Top tips on how to get a better night's sleep

Dr W Chris Winter told ABC Radio Adelaide's Mornings program one of the first things people needed to do if they felt like death warmed up was to figure out whether they were sleepy or fatigued.

Sleepy was simply defined as having trouble staying awake.

Fatigue, according the Dr Winter, was more a physical feeling of tiredness.

'Touchscreen-toddlers' sleep less, researchers say

The study in Scientific Reports suggests every hour spent using a touchscreen each day was linked to 15 minutes less sleep.

However, those playing with touchscreens do develop their fine motor skills more quickly.

Experts said the study was "timely" but parents should not lose sleep over it.

There has been an explosion in touchscreens in the home, but understanding their impact on early childhood development has been lacking.

The study by Birkbeck, University of London, questioned 715 parents of children under three years old.

Natural sleep aids: Tackling Insomnia without drugs

There are countless others herbal teas promoted as sleep aids however, including valerian, kava, passionflower, hops and lavender.

But do they really help you sleep better?

It's hard to know, because like many natural products, there's little solid evidence behind them, says chair of the Australian Sleep Health Foundation Professor David Hillman.

How coffee naps can help you power through the day

Both make you feel alert and can enhance your performance, whether that's driving, working or studying.

But some people are convinced that drinking a coffee before a nap gives you an extra zap of energy when you wake up.

How could that be? Is there any evidence to back the power of these so-called coffee naps?

Or are we better off getting a good night's sleep?

Feeling sleepy?

Night-time loo trips 'linked to salt in diet'

The problem - called nocturia - which mainly affects the over-60s, leads to disrupted sleep and can significantly affect people's lives.

In a study of more than 300 volunteers, researchers found that reduced salt intake led people to urinate less.

Advice to follow a sensible diet could help improve symptoms, UK doctors said.

The researchers, from Nagasaki University, presented their findings at the European Society of Urology congress in London.

Getting your newborn to sleep

Talk to other new parents just about anywhere and you will soon find that you are far from alone.

And with an overwhelming amount of advice available in parenting books and online, new parents can be forgiven for not knowing which way to turn.

Mary Kirk, the director of nursing and midwifery at Canberra's Queen Elizabeth II Family Centre, said new parents struggled with this issue.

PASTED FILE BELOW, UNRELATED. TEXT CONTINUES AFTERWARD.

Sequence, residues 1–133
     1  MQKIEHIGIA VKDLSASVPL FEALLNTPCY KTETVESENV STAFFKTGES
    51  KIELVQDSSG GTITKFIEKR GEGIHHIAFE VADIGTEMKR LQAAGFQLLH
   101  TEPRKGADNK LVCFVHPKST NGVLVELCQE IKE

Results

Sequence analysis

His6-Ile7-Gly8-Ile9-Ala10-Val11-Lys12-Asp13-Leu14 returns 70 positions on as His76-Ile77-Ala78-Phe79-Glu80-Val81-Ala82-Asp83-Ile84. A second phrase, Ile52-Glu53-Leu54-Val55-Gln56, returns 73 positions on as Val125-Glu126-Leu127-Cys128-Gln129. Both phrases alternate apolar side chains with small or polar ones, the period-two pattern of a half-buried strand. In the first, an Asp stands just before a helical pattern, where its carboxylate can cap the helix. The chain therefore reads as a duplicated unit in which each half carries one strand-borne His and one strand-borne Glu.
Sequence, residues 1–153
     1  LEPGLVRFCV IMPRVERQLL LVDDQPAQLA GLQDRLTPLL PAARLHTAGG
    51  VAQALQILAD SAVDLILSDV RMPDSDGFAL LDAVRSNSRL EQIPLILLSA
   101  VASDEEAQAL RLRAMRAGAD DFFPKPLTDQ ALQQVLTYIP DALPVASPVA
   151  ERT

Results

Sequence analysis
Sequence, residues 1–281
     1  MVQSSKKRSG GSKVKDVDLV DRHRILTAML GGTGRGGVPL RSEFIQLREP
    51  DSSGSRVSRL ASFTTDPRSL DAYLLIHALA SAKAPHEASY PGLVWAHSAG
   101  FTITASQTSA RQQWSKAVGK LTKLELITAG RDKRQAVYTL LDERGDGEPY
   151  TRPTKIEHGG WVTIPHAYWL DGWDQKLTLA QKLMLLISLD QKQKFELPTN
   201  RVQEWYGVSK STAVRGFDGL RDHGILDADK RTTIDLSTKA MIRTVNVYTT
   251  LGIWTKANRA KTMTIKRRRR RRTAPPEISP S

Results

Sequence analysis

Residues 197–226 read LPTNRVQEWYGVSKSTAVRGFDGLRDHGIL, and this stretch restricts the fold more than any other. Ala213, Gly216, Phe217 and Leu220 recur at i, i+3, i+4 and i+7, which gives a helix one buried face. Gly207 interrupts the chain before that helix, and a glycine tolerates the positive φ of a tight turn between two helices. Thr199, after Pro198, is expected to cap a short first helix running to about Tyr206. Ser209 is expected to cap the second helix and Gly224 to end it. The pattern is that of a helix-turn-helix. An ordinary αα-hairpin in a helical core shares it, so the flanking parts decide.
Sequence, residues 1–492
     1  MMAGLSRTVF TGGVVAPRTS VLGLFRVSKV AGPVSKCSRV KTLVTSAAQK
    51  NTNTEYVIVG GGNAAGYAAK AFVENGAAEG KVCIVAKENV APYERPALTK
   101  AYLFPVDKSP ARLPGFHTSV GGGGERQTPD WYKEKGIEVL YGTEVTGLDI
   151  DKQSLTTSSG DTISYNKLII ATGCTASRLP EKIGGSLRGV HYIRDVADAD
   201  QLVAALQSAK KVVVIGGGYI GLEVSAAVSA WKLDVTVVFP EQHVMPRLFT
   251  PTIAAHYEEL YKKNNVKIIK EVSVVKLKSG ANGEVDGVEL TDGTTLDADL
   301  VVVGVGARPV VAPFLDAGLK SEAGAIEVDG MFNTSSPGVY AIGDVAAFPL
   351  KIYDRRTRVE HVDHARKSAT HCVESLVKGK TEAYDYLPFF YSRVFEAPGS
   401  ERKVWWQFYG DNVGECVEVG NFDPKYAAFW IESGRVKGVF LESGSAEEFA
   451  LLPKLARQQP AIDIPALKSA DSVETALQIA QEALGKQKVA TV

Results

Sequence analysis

This is why you should have enough sleep

Every living creature needs to sleep, whether it be during the day or night.

For humans, appropriate sleep durations, vary (as shown below, according to a most recent report published in Sleep Health: The Journal of the National Sleep Foundation by the National Sleep Foundation).

·         Newborns (0-3 months): 14-17 hours each day

·         Infants (4-11 months): 12-15 hours

·         Toddlers (1-2 years): 11-14 hours

Sleep tips: Avoid afternoon coffee, over-50s advised

A report for the charity Age UK says sleeping soundly gets harder as we age but getting enough rest is important to keep mentally sharp.

It recommends older people get seven to eight hours of sleep a night and gives tips on how to achieve this.

As well as avoiding tea and coffee, older people should keep daytime naps to shorter than half an hour.

Other tips include:

§  Get up at the same time every day

§  Expose yourself to natural sunlight during the daytime

10 hacks to help you sleep better

Of the 20,000 people we surveyed for our recent sleep snapshot, just 12 per cent said they wake up feeling refreshed — and 75 per cent said they have trouble falling asleep at least some of the time.

If these results are anything to go by, many of us struggle to hit the hay and get good sleep.

But since you're going to spend a third of your life dozing, it's worth developing some healthy habits.

Sleep 'prioritises memories we care about'

Eighty non-Welsh speaking participants were taught Welsh words before either a period of wake or sleep.

Those who slept showed an increased ability to learn the words, and the effect was greatest in those who placed personal value on the language.

This suggests that memories perceived as important undergo preferential treatment by the brain during sleep.

While it has long been established that sleep helps the consolidation of memories, this is the first study to show that the effect is influenced by how much you care about the memory.